Concepts inAlgorithm 589: SICEDR: A FORTRAN Subroutine for Improving the Accuracy of Computed Matrix Eigenvalues
Fortran
Fortran (previously FORTRAN) is a general-purpose, procedural, imperative programming language that is especially suited to numeric computation and scientific computing.
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Subroutine
In computer science, a subroutine, also termed procedure, function, routine, method, or subprogram, is a part of source code within a larger computer program that performs a specific task and is relatively independent of the remaining code. As the name subprogram suggests, a subroutine behaves in much the same way as a computer program that is used as one step in a larger program or another subprogram.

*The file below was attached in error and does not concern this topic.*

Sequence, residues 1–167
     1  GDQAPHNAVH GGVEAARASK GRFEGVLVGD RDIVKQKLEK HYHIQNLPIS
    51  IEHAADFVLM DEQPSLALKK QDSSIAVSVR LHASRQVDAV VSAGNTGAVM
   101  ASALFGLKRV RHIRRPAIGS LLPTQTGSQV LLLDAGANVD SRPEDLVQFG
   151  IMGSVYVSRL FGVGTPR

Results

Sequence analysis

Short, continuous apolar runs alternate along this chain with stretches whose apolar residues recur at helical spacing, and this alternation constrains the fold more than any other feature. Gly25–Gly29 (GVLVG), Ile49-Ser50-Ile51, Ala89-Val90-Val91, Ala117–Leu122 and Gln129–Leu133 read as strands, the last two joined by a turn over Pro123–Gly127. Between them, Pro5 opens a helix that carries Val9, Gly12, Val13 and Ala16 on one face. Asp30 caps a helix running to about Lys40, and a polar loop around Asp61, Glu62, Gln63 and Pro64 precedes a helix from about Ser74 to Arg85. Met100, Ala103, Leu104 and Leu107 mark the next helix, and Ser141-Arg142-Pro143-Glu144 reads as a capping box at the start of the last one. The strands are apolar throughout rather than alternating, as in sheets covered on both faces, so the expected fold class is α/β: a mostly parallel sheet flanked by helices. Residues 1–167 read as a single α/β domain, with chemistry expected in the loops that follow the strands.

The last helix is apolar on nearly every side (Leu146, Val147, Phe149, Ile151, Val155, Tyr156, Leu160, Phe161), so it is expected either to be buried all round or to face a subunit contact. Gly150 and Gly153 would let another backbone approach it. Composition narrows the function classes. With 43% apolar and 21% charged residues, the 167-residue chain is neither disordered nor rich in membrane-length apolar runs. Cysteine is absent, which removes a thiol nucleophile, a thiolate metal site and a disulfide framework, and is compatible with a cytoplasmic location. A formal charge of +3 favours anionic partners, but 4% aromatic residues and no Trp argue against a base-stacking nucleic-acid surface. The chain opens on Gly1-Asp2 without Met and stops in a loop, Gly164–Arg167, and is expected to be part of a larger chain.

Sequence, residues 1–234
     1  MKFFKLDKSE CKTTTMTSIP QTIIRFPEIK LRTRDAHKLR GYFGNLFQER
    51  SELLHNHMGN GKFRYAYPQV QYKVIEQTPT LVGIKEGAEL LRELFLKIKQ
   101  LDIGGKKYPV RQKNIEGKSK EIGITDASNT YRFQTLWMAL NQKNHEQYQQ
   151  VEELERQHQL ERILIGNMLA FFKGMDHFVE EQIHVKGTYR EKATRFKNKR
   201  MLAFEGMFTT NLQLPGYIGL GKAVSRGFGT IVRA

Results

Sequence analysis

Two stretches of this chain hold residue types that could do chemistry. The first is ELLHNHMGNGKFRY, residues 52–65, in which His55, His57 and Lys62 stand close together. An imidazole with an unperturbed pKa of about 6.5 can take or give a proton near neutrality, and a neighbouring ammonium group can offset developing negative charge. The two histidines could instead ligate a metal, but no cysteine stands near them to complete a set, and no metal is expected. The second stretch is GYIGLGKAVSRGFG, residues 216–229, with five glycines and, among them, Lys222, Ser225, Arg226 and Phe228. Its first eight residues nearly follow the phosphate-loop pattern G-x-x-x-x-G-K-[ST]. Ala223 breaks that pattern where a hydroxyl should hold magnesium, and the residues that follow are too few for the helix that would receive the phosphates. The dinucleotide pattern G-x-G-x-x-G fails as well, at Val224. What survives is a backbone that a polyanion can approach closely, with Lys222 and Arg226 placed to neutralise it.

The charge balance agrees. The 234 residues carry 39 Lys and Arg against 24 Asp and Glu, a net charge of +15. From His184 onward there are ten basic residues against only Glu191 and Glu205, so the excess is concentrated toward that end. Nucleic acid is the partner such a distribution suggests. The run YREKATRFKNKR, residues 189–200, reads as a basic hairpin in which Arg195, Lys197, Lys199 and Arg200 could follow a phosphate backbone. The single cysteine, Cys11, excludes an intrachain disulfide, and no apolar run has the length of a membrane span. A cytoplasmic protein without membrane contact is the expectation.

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Matrix (mathematics)
In mathematics, a matrix (plural matrices, or less commonly matrixes) is a rectangular array of numbers, symbols, or expressions. The individual items in a matrix are called its elements or entries. An example of a matrix with six elements is Matrices of the same size can be added or subtracted element by element. The rule for matrix multiplication is more complicated, and two matrices can be multiplied only when the number of columns in the first equals the number of rows in the second.
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Eigenvalues and eigenvectors
The eigenvectors of a square matrix are the non-zero vectors that, after being multiplied by the matrix, remain parallel to the original vector. For each eigenvector, the corresponding eigenvalue is the factor by which the eigenvector is scaled when multiplied by the matrix. The prefix eigen- is adopted from the German word "eigen" for "self" in the sense of a characteristic description. The eigenvectors are sometimes also called characteristic vectors.
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